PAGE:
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Test Driven Development, a Portable Methodology

  • July 26, 2006
  • By Nancy Corbett
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The Pitfalls of TDD

Practitioners of TDD say that the advantages of it become clear once the developer gets into it. But what about pitfalls? A couple of areas of concern are with applying TDD on multi-threaded code or where a working system with much legacy code is involved.

The FAQ on testdriven.com, written by Jim Dixon, mentions that there are practitioners who say that TDD can't be used in developing multi-threaded code. Jeff Langr, author of several books on Java development, including Agile Java(TM): Crafting Code with Test-Driven Development, explains why multi-threaded code is a consideration.

With respect to multithreading: The core of the problem is that the execution sequencing of multi-threaded code is non-deterministic. Differences in things like current processor load, Java VM implementation, and OS can mean that concurrent code interleaves differently each time an application is executed.
In general, most developers have little experience in writing thread-safe code. Understanding how to write tests against multi-threaded code is even more difficult. The tests can be written, but they generally require executing multiple threads on the test side itself. There are a number of patterns that will help you write tests for things like deadlocks and race conditions. These aren't trivial tools to build. It's a significant investment, and most developers figure it's not worth the effort.

TDD shows developers that small, single purpose classes are easiest to test.

Another area where one might hesitate to rush in with TDD is an environment where a large amount of legacy code exists. Langr says that it's feasible to implement TDD in such an environment, but not without good cost. "If we never start to cover a system with unit tests, we won't be able to improve its design much (via refactoring) without high risk. Almost by definition, our system will continue to degrade in quality."

Langr says that he would introduce TDD by covering any new code with unit tests. "We won't make the system any worse than it is," he contends. Eventually, the code will be infused with pockets of tested areas. Langr recommends doing a cost analysis before attacking a project involving legacy code, the main consideration being whether or not the system will be around in six month's time.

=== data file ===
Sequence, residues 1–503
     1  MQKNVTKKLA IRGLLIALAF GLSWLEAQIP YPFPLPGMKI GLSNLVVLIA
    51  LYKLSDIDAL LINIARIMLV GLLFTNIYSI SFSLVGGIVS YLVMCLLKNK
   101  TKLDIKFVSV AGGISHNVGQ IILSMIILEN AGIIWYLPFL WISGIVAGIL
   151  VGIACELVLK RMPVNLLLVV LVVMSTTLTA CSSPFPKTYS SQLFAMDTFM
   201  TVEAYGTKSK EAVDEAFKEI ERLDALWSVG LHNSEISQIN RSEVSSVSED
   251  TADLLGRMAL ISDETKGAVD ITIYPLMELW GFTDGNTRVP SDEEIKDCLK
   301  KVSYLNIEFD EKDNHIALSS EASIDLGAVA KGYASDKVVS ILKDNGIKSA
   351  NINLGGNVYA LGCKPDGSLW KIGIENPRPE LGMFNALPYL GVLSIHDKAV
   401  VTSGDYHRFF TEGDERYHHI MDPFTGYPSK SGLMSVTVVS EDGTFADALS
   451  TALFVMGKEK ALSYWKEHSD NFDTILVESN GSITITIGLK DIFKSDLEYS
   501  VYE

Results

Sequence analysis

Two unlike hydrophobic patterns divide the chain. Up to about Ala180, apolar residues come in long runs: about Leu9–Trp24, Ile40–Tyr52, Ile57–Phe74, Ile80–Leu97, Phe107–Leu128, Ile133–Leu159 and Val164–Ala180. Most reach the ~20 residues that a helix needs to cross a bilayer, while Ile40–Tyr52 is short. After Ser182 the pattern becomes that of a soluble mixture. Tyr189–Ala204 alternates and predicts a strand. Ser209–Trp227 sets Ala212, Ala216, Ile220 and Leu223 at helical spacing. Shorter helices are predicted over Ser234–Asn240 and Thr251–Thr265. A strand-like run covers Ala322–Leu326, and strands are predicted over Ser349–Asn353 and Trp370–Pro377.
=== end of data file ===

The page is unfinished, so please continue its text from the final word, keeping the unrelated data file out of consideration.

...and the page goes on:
Scott Ambler, a software process improvement (SPI) consultant, trainer and mentor of a variety of development methodologies he has founded, has his own take on tackling the challenge of legacy code. Ambler feels that it is absolutely feasible to introduce TDD into a system with a considerable amount of history. "The strategy that you want to take is to introduce your tests as you touch the code," Ambler says. The time to write the tests is whenever a procedure is updated. This way, the test suite to validate the system is built up incrementally over time. "If you have some legacy code that is mission critical, or that you're afraid to touch because it's very brittle, then you desperately need to start migrating towards a TDD-based approach for it."

Conclusion

Overall, the practice of TDD is becoming so widespread that no developer can afford to avoid learning it. At the very least, a future job prospect or contract gig might come down to whether or not a given developer understands TDD. "Good, clean code that works" is an attractive promise. Software development can build a foundation with unit testing, whether using XP as a development methodology or plucking TDD from its crown.

Additional Resources and Further Reading

About the Author

Nancy Corbett is a freelance writer, living in the greater Seattle area. She has worked as a UNIX Systems Administrator for small development shops and large wireless telecommunications companies for over ten years.

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